Some Piper Arrows were fitted with an auto gear extension system. This was an attempt by Piper to eliminate unintentional gear-up landings. The system operates as a function of airspeed and thrust and should the airspeed and thrust from the propeller, reach a point where the system thinks you’re coming into land, it’ll lower the gear. From memory, this should occur somewhen around 85 knots. (I don’t have the POH in front of me!)
There are occasions when you might want to over-ride this system. In an emergency, perhaps after an engine failure, you might want to control when/if the gear comes down. It would play havoc with your glide approach, if the gear came down too early. Also, the surface you’ve selected for your forced landing, may not be suitable for a gear-down landing – on water or a soft/boggy surface for example.
You might want to over-ride the system for take-off too, if you have obstacles or terrain on your departure path. As well as making the gear fall automatically below 85 knots, it will conversely not retract the gear until your speed/thrust is in the same range, regardless of the position of the gear selection lever. So if you’re adopting an obstacle clearance climb-out, you’ll be climbing at about 80 knots and so the gear may stay locked down, affecting your performance.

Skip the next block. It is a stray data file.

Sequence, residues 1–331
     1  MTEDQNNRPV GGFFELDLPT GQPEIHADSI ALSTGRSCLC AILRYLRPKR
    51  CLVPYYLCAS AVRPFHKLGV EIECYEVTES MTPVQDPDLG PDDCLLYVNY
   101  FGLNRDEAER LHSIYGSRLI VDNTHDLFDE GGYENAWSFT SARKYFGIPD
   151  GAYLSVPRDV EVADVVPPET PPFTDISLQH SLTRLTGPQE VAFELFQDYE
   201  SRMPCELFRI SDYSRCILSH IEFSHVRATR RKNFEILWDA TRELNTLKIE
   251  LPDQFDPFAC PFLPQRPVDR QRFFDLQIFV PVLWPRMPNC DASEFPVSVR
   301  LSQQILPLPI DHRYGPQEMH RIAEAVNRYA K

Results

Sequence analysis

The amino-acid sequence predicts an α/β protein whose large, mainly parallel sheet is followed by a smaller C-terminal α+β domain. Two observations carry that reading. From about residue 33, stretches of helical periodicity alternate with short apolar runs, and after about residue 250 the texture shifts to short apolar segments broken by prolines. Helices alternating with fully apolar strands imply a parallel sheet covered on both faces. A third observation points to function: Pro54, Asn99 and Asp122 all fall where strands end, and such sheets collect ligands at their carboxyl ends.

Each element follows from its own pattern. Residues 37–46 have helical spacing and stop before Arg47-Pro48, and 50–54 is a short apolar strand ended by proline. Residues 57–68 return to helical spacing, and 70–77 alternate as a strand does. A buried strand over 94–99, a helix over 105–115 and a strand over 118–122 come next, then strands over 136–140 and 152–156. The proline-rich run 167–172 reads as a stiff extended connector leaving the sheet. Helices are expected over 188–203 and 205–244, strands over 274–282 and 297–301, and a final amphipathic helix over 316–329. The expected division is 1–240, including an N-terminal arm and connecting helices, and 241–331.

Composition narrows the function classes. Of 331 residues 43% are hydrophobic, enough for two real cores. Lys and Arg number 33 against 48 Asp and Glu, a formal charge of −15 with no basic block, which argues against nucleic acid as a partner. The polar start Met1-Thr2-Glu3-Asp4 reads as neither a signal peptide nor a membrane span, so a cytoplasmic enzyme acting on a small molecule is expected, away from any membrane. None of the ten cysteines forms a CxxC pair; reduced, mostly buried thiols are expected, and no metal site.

For these reasons, Piper installed an over-ride of the auto-gear extension so that the gear will only operate in manual mode. When this over-ride is activated, an orange blinking light flashes on the instrument panel to warn the pilot of the over-ride configuration.
As the years have passed, the rudimentary over-ride system has aged and on some Pipers, it’s difficult to adjust the auto-gear extension system so that it works as intended. On mine, for example, when we first acquired the aeroplane, it was not allowing me to retract the gear until my speed was in excess of 100 knots. We adjusted it, which has fixed that problem, but now it doesn’t lower the gear at 80 knots as intended.
So, since the system isn’t working as intended, I will often just over-ride the system, as it serves no purpose at the moment. Therefore you’ll often see the blinking orange light. I intend to have it adjusted one more time at the next major maintenance check, to see if we can get it working as intended. Alternatively, I may have the system completely removed – something many Piper owners have already done.